Finance Q3 - 1. Investing Basics The article starts off by...

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1. Investing Basics The article starts off by highly encouraging investing in the stock market no matter what your financial goal maybe. According to Motley Fool an investors best ally is time, which young investors have plenty off. To illustrate this, Motley Fool used an example of an investor investing about $2000 at an 11% return which ends up growing to about $53,416.19 in 30 years. Due to the power of compounding investing as early as possible is one of the most important steps an investor can take towards securing a financially stable future. Some of the steps Motley encourages taking in order to become a successful investor includes reducing all high interest debts, saving at least 10% of your annual income, and planning for retirement. Some of the common mistakes made by investors include starting to invest late, playing it safe (if young), and investing short term. The second article about " investing concepts" starts off by emphasizing that the value of a dollar today is more than the value of a dollar tomorrow or one year from now due to the negative effects of inflation. In the article Motley Fool again mentions the importance and power of compounding, patience, and time which are essential towards accumulating wealth. Fool also suggests calculating your real return, making informed choices before investing, setting short & long term goals, investing in the stock market, and determining your investment style. It also mentions that there are two kinds of investing methods which are called active and passive management. The Standard and Poor's 500 index is known as the most famous passive investment strategy. Article 3, "Stocks", begins by talking about the advantages and disadvantages of owning common stock. Some of the advantages include ease of ownership requirements, part ownership of a business, and one vote per share of stock to elect the board of directors while some of the disadvantages include risk inherent which includes bankruptcy. The article goes on to define some of the common terms which confuse new investors such as "volume" which is the number of shares that are traded on a given day. When it comes down to how stocks trade, NYSE trades still take place face-to-face in the trading pit although computers play a big part in the process these days. All stocks at the NYSE are considered auctions, which is the highest amount any given buyer is willing to pay at a given point in time. The Nasdaq is a major example of an over-the-counter market. In over-the-counter markets, market markers maintain an inventory of shares to meet the demands of the market and match up buyers and seller. Investors in these markets can also set their own ask price and bid price. "Short selling" is an advanced investing technique of buying security with the expectation that those prices will go down. Although some people believe shortening is un-American, the Motley Fool looks at it in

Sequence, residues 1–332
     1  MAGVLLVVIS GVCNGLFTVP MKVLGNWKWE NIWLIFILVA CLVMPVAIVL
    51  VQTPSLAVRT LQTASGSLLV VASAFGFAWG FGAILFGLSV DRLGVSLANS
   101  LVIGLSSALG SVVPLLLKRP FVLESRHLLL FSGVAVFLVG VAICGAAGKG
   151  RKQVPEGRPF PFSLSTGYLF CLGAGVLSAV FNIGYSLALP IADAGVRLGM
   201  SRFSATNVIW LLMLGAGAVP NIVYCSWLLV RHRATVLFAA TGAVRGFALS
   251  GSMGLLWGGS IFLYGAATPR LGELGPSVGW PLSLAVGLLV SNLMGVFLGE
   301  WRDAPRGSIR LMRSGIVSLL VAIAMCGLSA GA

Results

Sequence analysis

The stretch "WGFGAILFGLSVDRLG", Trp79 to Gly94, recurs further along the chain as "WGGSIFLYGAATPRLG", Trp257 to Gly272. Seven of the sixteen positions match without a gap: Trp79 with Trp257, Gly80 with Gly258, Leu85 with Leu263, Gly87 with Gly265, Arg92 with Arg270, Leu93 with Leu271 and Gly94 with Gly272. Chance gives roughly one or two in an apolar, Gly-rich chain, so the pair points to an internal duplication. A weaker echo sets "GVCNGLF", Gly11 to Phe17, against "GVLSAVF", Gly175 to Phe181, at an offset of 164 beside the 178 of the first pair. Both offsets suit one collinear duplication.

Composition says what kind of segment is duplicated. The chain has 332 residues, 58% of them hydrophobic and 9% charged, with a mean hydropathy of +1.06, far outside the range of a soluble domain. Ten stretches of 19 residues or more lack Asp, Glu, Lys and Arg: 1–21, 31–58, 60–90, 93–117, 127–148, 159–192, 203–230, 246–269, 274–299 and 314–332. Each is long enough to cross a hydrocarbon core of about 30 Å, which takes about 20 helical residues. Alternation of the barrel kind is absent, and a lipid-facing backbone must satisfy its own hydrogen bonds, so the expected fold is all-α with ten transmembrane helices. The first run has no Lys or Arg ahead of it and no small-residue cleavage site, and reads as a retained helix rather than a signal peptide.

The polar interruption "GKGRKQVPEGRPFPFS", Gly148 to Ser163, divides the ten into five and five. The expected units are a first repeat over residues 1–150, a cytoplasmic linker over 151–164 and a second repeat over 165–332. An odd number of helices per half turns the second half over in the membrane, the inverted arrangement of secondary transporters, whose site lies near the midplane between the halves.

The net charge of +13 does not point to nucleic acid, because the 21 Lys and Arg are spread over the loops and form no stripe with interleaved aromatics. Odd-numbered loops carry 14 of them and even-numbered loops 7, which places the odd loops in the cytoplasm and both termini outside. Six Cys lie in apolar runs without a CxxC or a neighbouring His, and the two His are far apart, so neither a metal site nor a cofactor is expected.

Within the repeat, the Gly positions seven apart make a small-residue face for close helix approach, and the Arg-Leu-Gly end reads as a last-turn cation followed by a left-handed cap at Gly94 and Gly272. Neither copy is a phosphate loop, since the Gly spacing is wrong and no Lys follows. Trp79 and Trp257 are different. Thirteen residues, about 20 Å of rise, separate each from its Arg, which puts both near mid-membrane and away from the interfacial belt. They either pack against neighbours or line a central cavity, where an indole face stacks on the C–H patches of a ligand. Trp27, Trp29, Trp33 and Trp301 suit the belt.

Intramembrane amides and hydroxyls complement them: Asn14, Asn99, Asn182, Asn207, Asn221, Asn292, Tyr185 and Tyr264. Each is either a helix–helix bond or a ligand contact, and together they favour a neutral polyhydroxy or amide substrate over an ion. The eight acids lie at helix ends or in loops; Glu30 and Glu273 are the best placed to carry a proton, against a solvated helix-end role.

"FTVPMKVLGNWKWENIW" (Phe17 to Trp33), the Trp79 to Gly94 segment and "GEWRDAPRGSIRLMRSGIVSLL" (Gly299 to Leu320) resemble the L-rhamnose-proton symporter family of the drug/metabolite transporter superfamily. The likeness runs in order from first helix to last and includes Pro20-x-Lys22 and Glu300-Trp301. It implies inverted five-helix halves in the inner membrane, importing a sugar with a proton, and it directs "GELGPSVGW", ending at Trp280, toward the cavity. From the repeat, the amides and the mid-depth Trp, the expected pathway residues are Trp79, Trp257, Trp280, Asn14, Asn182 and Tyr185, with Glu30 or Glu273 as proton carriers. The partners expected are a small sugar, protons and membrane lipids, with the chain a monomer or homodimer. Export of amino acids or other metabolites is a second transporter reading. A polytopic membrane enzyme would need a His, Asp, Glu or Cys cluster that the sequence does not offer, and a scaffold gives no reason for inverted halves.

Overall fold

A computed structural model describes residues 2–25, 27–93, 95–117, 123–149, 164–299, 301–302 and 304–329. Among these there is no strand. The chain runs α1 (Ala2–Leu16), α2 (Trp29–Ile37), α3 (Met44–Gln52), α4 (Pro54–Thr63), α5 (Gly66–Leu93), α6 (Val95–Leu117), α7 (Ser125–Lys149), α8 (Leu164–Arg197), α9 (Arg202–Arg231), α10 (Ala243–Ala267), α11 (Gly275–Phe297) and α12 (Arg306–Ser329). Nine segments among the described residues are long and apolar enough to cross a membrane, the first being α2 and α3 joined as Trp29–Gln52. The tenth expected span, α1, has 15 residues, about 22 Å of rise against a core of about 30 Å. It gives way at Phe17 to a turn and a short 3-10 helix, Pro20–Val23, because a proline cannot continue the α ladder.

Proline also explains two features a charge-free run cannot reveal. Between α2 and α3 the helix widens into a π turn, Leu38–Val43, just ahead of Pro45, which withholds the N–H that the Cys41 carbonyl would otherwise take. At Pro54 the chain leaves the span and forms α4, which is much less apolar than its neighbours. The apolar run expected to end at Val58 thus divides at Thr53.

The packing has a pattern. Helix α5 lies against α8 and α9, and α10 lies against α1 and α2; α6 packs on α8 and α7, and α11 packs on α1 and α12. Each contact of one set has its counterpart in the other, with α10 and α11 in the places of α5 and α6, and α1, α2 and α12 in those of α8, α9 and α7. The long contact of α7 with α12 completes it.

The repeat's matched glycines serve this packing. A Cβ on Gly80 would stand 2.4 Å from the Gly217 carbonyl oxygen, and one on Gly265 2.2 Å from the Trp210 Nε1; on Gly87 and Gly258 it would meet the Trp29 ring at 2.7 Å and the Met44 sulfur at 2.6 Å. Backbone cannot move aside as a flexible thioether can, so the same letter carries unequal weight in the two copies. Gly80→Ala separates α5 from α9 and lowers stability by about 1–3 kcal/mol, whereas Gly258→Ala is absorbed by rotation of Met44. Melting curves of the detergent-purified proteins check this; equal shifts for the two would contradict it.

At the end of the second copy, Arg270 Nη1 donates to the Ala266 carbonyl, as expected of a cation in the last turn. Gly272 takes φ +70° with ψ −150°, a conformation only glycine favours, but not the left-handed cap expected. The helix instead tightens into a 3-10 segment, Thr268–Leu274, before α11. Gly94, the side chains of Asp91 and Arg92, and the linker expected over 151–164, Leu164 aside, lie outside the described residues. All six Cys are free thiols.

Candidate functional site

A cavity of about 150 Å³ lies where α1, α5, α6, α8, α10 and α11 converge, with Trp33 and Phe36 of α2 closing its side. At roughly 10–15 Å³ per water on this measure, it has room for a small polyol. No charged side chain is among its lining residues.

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This note was uploaded on 09/25/2008 for the course FIN 3403 taught by Professor Tapley during the Spring '06 term at University of Florida.

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Finance Q3 - 1. Investing Basics The article starts off by...

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